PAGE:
What is a Sitemap?
A sitemap is an XML file that includes information about your site’s pages, images, videos, and other files on your website. This information is then presented to a search engine bot like Googlebot so the search engine can better crawl your site.
Since you provide the sitemap information, this also clues Google in on which pages and files you believe are the most important on your site. Plus, the sitemap offers the search engine valuable information about these pages and files.
With pages, for example, this additional information can be when the page was last updated, how often the page receives changes, and any language alternatives used on the page.
According to Google, no site map can be more than 50MB (uncompressed) and cannot exceed 50,000 URLs. If your sitemap exceeds this file size or URL count, you will need to create multiple sitemaps.
The Format of a Sitemap
Below is a simple example of an XML sitemap that shows the location of a single URL.
Sitemaps.org has many examples of sitemaps, many with complex scenarios and full documentation.
Let’s break down the components of a sitemap.
<?xml version="1.0" encoding="UTF-8"?>
The first line of the sitemap above informs the search engines that they are reading an XML file. In addition to this, the search engine can pick up on the version, in this case “1.0”, which is the preferred version for sitemaps.
You’ll also see the type of encoding. It’s necessary that the encoding type is UTF-8.
The next line of the XML sitemap is the URL set. This is a container for all the URLs in the sitemap.
The last portion of the text, “/sitemap/0.9” indicates the protocol standard. In this case, a common protocol standard is used: Sitemap 0.9. Most search engine crawlers support this standard.
This portion of the XML sitemap shows the parent tag. The location of the URL, in this case, the URL leading to seoClarity’s homepage, must be within the <loc> tags.
It’s also important that these URLs are only absolute, not relative, canonical URLs.
This portion of the XML sitemap can also include additional components, as seen on Sitemaps.org. For example, <lastmod> is optional here. These optional components are not crucial to your SEO, but they are there if you choose to use them:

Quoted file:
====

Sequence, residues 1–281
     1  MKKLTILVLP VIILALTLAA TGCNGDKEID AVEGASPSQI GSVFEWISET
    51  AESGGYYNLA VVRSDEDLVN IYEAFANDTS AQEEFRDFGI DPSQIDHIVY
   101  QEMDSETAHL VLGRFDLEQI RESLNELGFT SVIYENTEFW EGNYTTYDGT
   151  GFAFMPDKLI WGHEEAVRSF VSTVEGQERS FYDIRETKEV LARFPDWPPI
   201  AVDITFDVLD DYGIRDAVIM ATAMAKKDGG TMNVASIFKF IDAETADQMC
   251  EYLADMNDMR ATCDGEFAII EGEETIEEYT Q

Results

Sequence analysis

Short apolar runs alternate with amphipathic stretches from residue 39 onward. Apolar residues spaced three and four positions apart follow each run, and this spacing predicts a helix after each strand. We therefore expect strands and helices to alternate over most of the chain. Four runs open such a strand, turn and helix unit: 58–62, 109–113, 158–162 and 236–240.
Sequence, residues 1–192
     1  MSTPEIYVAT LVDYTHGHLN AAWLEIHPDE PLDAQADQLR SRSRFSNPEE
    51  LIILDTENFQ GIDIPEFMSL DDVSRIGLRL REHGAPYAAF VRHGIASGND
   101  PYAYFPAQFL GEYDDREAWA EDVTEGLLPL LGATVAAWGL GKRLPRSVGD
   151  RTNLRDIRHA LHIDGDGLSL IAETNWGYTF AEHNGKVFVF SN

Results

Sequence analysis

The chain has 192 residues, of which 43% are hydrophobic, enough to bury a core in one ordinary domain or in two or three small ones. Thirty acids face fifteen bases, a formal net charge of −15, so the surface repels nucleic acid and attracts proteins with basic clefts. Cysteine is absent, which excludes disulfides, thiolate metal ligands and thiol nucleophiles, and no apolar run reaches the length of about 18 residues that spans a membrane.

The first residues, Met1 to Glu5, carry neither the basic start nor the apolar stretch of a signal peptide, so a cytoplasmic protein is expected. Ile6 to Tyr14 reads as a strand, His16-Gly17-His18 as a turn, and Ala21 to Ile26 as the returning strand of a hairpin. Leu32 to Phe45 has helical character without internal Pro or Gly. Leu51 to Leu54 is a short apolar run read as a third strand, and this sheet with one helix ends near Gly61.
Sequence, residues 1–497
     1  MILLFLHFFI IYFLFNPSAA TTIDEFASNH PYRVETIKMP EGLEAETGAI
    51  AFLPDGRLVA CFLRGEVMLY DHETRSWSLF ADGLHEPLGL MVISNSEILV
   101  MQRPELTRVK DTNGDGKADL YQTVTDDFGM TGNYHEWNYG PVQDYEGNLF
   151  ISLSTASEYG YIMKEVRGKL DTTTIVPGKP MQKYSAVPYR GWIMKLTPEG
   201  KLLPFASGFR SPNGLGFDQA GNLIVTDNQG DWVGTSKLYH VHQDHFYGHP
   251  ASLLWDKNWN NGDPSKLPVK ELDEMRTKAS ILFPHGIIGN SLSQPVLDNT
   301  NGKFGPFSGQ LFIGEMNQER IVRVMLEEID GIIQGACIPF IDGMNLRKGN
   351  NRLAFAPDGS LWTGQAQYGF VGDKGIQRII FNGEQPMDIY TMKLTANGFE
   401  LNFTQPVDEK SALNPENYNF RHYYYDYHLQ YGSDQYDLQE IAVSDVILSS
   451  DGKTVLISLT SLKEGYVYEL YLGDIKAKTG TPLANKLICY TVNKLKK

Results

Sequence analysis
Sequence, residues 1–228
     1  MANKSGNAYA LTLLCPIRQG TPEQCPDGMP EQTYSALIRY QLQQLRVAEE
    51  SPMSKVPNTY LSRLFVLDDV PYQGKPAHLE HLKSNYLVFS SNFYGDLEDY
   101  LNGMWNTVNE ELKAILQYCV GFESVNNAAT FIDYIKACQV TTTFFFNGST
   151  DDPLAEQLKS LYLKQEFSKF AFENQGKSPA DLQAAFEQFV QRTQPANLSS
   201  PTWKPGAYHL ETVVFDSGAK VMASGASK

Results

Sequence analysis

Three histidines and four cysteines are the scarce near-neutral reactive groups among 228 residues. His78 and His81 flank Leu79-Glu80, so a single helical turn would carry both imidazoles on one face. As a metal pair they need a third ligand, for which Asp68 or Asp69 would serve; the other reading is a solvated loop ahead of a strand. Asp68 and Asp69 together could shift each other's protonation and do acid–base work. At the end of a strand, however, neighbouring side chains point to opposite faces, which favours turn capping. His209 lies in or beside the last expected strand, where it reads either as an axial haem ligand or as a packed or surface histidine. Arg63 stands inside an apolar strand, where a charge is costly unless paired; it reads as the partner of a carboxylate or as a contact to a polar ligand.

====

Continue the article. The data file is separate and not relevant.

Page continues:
The date when the file was last modified. (This can also include the time as well.) It’s important to note that the W3C datetime format must be used. That is, YYYY-MM-DD.
Remember that the sitemap contains your most important URLs. The <priority> property is another opportunity to specify the importance of each individual URL within the sitemap. You must pick a value between 0.0 and 1.0, where the highest priority is given to URL 1.0.
How frequently the page is likely to change, based on frequencies of always, hourly, daily, weekly, monthly, yearly, or never. This clues search engine bots in on how often they want to come back to recrawl the page.
Google offers multiple general sitemap guidelines to follow when building and submitting and sitemap to the search engine.
- Google crawls URLs exactly as they are listed, so be sure to use consistent URLs in your sitemap.
- It’s recommended that you put your sitemap at the site root, since this allows it to affect all site files. The sitemap can be placed anywhere, but it may not be able to do its job.
- To avoid duplicate crawling of URLs, do not include sessions IDs from URLs.
- Use Hreflang to alert Google to alternative language versions of a page.
- UTF-8 must be used for sitemaps.
- If you have more than one sitemap, list all the individual sitemaps on a sitemap index file and submit this single file.
- Only include self canonical URLs in the sitemap.
- Point to only one version of a URL if a URL differs on mobile versus desktop.
- If you have media types like video and images, use sitemap extensions for these additional media types.
- Use hreflang in a sitemap or HTML tag to show URL variations for language differences.
- A sitemap can only contain ASCII characters, not upper ASCII characters or special characters.
Common Sitemap Issues
Now that you’re familiar with the purpose of the XML sitemap and its general best practices, it’s helpful to be aware of common issues that arise with the sitemap.
- Pages included in the sitemap contain meta No Index tag
- Soft 404 URLs included in the sitemap
- Canonicalized URL included in the sitemap
- Disallowed and forbidden URL included in the sitemap
- Redirect URL included in the sitemap
- Low-quality pages included in the sitemap
- Sitemap is not being updated with new URLs
- Forgetting to update the sitemap after a migration
- Submitted page blocked by robots.txt file